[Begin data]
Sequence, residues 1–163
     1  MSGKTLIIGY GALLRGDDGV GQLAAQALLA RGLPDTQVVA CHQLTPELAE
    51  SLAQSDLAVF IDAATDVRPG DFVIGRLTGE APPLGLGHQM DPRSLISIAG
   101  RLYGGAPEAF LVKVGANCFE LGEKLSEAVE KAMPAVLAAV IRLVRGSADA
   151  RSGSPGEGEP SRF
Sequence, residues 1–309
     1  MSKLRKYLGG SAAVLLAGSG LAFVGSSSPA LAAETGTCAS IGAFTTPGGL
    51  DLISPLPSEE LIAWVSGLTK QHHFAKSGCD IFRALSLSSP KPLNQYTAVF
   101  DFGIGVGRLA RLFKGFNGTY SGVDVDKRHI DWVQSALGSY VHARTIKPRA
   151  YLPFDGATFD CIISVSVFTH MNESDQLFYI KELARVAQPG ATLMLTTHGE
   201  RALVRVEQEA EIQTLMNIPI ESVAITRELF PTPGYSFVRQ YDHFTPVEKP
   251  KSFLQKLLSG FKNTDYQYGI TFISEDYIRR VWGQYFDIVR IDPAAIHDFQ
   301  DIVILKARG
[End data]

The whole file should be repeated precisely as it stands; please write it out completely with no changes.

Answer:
Sequence, residues 1–163
     1  MSGKTLIIGY GALLRGDDGV GQLAAQALLA RGLPDTQVVA CHQLTPELAE
    51  SLAQSDLAVF IDAATDVRPG DFVIGRLTGE APPLGLGHQM DPRSLISIAG
   101  RLYGGAPEAF LVKVGANCFE LGEKLSEAVE KAMPAVLAAV IRLVRGSADA
   151  RSGSPGEGEP SRF
Sequence, residues 1–309
     1  MSKLRKYLGG SAAVLLAGSG LAFVGSSSPA LAAETGTCAS IGAFTTPGGL
    51  DLISPLPSEE LIAWVSGLTK QHHFAKSGCD IFRALSLSSP KPLNQYTAVF
   101  DFGIGVGRLA RLFKGFNGTY SGVDVDKRHI DWVQSALGSY VHARTIKPRA
   151  YLPFDGATFD CIISVSVFTH MNESDQLFYI KELARVAQPG ATLMLTTHGE
   201  RALVRVEQEA EIQTLMNIPI ESVAITRELF PTPGYSFVRQ YDHFTPVEKP
   251  KSFLQKLLSG FKNTDYQYGI TFISEDYIRR VWGQYFDIVR IDPAAIHDFQ
   301  DIVILKARG